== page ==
Thirst for knowledge

2 Feb 2023

It’s great to see so much cross-industry collaboration to accelerate the decarbonisation of our built environment. But I’ve noticed that they very often come up against the same problem: a lack of data about the buildings we are completing today. We find this as we compile Concrete Quarterly: detailed information just isn’t available, especially for projects that might have taken four or five years to come to fruition due to the disruption caused by Covid.

Targets are essential for setting the direction of travel and aligning a fragmented construction industry towards a common goal – but only if they are appropriate. We need to set them at a level that encourages rather than stymies knowledge-sharing, and ensures that neither success nor failure acts as a disincentive to further progress. We don’t want to create the impression that the job is done as soon as the boxes are ticked, or conversely that there’s no point trying if a project can’t tick them all.

In particular, we should be wary of setting benchmarks based on limited data. The projects where information is already available on embodied and whole-life carbon are typically the early adopters. We should admire and learn from their passion, while recognising that we cannot necessarily extrapolate their experiences to produce a realistic picture of where the wider industry is at. The sample may be skewed towards certain building types for which solutions are more readily applicable, for example.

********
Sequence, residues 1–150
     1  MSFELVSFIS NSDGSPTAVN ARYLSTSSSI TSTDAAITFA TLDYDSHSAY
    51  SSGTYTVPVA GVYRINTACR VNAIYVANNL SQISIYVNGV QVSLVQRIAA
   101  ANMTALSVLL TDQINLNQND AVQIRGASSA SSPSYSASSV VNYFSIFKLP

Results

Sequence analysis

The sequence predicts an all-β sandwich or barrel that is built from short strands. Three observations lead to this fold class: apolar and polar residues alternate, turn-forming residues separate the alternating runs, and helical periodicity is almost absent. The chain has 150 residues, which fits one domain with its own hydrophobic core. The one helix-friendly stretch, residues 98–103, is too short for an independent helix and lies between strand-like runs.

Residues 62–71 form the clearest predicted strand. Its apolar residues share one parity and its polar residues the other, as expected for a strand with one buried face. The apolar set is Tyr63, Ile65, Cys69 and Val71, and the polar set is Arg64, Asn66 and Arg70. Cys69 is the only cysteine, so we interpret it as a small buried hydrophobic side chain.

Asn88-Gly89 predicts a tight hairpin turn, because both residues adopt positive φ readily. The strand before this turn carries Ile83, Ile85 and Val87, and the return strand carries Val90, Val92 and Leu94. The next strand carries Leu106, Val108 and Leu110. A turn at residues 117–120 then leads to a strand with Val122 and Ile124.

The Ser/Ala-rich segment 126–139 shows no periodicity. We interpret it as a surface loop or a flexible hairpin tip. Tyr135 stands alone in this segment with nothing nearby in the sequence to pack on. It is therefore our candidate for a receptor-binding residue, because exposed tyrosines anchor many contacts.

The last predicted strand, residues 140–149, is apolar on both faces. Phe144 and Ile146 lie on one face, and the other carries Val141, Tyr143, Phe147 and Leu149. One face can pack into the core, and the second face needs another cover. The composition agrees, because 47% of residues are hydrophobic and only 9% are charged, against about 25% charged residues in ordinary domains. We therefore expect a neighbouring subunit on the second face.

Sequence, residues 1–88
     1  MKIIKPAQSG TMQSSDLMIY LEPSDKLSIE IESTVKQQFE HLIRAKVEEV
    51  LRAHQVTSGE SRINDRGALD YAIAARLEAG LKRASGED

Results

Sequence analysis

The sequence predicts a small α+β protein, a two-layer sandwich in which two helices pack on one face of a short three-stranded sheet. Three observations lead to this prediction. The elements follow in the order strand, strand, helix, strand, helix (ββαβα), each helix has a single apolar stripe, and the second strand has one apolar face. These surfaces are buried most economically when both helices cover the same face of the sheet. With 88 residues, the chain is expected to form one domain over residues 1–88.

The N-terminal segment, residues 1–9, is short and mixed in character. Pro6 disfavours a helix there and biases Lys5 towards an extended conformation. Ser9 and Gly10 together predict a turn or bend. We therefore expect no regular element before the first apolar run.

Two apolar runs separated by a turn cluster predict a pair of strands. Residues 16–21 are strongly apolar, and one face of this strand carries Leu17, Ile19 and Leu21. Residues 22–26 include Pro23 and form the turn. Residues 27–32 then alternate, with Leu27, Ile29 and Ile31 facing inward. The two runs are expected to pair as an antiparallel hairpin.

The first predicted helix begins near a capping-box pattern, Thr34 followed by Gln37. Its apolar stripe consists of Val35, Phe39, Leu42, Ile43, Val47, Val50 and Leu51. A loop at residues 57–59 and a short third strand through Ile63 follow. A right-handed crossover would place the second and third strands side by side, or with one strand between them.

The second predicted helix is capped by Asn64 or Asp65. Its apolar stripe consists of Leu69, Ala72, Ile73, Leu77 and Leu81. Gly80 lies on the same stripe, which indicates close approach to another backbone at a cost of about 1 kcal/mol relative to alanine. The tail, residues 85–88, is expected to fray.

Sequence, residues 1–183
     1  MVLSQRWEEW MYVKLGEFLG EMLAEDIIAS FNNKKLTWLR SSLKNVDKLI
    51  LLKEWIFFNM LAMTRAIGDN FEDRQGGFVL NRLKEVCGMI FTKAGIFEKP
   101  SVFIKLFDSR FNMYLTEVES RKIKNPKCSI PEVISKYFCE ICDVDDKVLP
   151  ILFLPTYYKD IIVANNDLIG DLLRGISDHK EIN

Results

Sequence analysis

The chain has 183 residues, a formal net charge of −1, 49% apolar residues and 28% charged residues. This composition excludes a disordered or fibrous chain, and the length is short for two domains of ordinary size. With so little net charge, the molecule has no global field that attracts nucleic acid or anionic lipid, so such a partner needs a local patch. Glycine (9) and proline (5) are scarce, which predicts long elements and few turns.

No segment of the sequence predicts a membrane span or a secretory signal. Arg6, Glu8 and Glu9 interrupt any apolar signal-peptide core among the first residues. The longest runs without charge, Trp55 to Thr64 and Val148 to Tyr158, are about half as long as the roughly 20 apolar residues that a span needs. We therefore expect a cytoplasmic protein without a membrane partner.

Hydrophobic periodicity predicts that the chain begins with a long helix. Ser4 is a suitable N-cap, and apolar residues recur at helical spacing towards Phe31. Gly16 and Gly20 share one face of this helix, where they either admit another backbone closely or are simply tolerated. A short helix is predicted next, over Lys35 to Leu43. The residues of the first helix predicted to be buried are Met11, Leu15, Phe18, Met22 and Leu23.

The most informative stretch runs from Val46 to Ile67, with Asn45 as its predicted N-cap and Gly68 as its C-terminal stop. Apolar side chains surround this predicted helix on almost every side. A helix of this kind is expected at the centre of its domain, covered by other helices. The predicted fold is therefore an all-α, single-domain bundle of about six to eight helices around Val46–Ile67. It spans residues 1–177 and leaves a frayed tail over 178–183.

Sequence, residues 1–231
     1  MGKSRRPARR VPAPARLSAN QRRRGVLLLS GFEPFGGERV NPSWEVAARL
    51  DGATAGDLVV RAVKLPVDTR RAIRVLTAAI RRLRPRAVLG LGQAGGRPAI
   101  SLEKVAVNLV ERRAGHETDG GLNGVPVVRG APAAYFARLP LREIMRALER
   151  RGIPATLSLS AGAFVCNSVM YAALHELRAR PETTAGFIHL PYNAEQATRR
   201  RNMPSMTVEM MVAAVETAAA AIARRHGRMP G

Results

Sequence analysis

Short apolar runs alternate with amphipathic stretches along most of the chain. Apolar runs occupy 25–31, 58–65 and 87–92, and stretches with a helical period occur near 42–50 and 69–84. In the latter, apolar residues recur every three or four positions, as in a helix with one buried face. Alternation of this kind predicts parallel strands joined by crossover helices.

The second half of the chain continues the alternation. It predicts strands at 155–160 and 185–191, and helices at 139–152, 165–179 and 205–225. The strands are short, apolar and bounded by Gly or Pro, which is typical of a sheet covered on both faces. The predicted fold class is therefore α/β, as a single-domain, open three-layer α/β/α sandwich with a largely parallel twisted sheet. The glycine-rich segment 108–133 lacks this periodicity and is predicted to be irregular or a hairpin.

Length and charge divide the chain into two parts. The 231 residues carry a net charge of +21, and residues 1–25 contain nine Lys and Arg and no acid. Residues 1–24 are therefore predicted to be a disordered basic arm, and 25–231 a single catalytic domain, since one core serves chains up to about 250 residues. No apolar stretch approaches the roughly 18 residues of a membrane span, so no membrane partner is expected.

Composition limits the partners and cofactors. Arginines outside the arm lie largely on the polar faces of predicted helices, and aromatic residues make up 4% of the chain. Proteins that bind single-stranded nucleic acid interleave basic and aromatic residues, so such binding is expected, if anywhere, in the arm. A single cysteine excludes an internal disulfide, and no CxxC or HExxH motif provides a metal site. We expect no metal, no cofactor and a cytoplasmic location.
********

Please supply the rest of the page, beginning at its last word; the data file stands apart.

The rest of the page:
Net-zero is a journey, and we don’t yet have a complete map. Early data is based on assumptions that will continue to be refined or challenged by further analysis, especially as our understanding of the problem and potential solutions is evolving so rapidly. Data from previous projects is also unlikely to reflect the best possible practice today, and certainly not tomorrow. As the UK concrete sector continues to decarbonise and with a steady stream of new technologies becoming available, the solutions we use today to lower the embodied carbon of a structure will not be the best ones in ten, five or even two years’ time.
At a recent hackathon organised by LETI, Circuit and the Interdisciplinary Circular Economy Centre for Mineral- based Construction Materials, there was a fascinating debate about different potential metrics, which threw up some fundamental questions that still need to be resolved. For example, how do we actually quantify the materials in a building: by weight, by volume, by value, or by carbon? Only through concerted industry-wide recording and reporting will we be able to determine the most effective strategy.

This work of evidence-gathering seems to me to be as important as setting the targets themselves – and perhaps even more so at this crucial stage of the journey. One of the most valuable things that teams can do today is share their progress and learning on reducing whole-life carbon, helping to amass the detailed evidence base to support realistic but stretching targets, and ultimately helping the whole of the construction industry to get to where it needs to be.

By Elaine Toogood, Director, Architecture and Sustainable Design, The Concrete Centre